This edition we tackle one of the most controversial methods of the marketing mix – direct marketing.
Direct marketing is a form of advertising that requires a direct response from the consumer. This includes mail, catalogues, advertising, telemarketing, direct selling and email initiatives that are delivered directly to the individual.
Despite having a reputation as marketing’s poor cousin, the direct marketing industry is growing. According to the Commercial Economic Advisory Service of Australia, direct marketing is a $16 billion industry representing more than 50 percent of all media spend, and it is growing at a rate of 17 percent per year.
THE DIRECT ADVANTAGES
Direct marketing is a targeted, in-depth and action-oriented method of marketing. In recent times, it’s become more sophisticated, with additional channels such as the internet and mobile phones offering innovative ways of reaching consumers.
There are many advantages to the use of direct marketing including:
- selectivity of audience using databases
- frequency potential
- evolutionary designs
- personalisation of message
- economy of scale
- control of messages and design
- ability to measure ROI
DATABASES ARE KEY
Advances in data management and customer targeting have improved the effectiveness of direct marketing. Databases allow marketers to analyse and segment consumer groups, which can help to stimulate repeat purchases, cross-sell other products and enhance customer relationship management.
While lists are available to purchase, think about whether you can set up your own database to collect information about current and potential customers.
If you’re in B2C, collect information about the customer’s age, income, gender, martial status, interests, etc. In B2B, your database should include information about the size of the business, number of employees, annual sales/revenue, decision makers, industrial classification, etc. Always be aware of privacy laws when collecting and using this information, and give consumers the opportunity to “opt out” of materials they don’t want to receive.
THE DIRECT DOWNFALL
As with most forms of advertising, direct marketing is becoming saturated in the marketplace and competition for the consumer’s attention is increasing. Unfortunately, many marketers have responded to this issue by creating more marketing campaigns, and therefore increasing the clutter in the marketplace.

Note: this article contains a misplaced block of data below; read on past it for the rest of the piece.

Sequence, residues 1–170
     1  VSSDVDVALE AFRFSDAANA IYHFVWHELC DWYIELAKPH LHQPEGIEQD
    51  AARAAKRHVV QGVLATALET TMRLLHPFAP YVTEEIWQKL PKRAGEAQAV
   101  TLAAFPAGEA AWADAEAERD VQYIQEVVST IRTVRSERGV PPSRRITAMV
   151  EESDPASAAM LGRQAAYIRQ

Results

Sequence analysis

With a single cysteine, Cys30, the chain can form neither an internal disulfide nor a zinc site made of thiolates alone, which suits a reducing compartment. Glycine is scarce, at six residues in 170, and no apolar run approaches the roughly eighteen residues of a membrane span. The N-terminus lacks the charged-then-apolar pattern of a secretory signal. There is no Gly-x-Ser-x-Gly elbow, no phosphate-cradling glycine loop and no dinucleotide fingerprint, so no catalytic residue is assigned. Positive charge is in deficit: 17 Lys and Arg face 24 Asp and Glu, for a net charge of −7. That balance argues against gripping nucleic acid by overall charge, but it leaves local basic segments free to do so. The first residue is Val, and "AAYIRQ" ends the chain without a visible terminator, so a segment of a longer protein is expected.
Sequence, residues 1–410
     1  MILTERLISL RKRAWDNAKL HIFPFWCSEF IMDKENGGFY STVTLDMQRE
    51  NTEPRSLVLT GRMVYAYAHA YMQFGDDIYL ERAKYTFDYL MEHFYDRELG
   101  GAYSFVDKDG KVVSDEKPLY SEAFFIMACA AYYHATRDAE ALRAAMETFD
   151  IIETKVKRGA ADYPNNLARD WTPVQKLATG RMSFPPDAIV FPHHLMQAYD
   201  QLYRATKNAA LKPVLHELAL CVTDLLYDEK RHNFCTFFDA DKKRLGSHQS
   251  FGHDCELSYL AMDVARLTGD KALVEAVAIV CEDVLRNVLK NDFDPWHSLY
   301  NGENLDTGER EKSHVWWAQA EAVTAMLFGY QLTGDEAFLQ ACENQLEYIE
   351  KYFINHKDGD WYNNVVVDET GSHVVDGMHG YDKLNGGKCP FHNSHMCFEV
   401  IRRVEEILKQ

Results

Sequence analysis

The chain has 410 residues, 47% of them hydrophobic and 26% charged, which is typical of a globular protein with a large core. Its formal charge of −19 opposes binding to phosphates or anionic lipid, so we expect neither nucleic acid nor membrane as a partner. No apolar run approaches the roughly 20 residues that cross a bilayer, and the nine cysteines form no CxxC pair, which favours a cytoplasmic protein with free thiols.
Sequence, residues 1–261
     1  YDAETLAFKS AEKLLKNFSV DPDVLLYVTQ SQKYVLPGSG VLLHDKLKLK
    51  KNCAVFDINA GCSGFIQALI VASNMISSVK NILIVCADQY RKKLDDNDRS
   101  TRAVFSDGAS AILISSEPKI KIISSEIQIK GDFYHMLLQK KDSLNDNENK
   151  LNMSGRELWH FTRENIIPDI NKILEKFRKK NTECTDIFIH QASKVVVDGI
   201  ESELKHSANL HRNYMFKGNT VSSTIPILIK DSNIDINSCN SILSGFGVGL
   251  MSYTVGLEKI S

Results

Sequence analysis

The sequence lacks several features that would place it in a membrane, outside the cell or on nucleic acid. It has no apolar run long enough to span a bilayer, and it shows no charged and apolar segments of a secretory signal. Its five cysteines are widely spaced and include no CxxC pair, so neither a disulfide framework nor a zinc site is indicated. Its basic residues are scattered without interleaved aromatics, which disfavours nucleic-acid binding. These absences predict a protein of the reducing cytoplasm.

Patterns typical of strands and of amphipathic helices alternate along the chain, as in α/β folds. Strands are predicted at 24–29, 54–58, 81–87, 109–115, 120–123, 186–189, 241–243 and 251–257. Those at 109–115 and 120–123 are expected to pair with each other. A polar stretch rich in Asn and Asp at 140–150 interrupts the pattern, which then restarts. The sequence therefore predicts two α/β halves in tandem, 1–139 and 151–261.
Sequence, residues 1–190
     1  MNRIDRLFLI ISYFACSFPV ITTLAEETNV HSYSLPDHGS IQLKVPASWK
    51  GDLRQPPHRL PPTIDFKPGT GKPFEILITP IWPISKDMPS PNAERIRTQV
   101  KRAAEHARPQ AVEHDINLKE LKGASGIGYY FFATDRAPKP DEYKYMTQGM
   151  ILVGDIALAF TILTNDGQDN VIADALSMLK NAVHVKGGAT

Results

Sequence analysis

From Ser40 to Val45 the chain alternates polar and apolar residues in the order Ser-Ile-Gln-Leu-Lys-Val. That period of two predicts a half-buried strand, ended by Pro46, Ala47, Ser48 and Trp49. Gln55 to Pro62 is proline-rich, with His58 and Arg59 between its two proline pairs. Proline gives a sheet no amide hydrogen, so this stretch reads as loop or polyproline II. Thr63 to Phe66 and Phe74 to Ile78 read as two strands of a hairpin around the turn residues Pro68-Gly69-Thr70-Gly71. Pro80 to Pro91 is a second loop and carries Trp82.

Some of the other disadvantages of direct marketing include:
- rising costs of implementation
- difficultly engaging consumers
- customers often don’t have the opportunity to inspect the goods
- negative image of some direct marketing techniques
STOP CALLING ME!
The most controversial direct marketing method is telemarketing. In Australia, the federal government plans to introduce a national Do Not Call register in 2007. This initiative will have a significant impact on marketers and will establish a minimum set of standards for the industry covering matters such as calling hours, information requirements and termination of calls. Interestingly, the government expects one million registrations in the first week of the register’s operation and four million after its first year.
DIRECT MARKETING IN ACTION
Charity organisations often use direct marketing to increase donations from supporters. One of my personal favourites is a campaign by the Royal Blind Society that used an innovative outer envelope with a lens to illustrate how the world appears to people with blurred vision. Inside a letter and colour brochure reinforced the message that more donations were needed to help thousands of people with impaired vision. This powerful campaign reportedly returned $15 for every $1 spent.
We should no longer view direct marketing as marketing’s poor cousin. It’s the perfect tool for communicating a relevant message to a select audience, it can be cost effective and it can help your message to stand out from the crowd.
For more information visit the Australian Direct Marketing Association at www.adma.com.au.
Renee Hancock is a marketing and communications specialist, whose experience spans finance, government, education, not-for-profit, telecommunications and law. She has consulted for two of Australia’s most prestigious public relations agencies and now works in-house for a leading financial services organisation.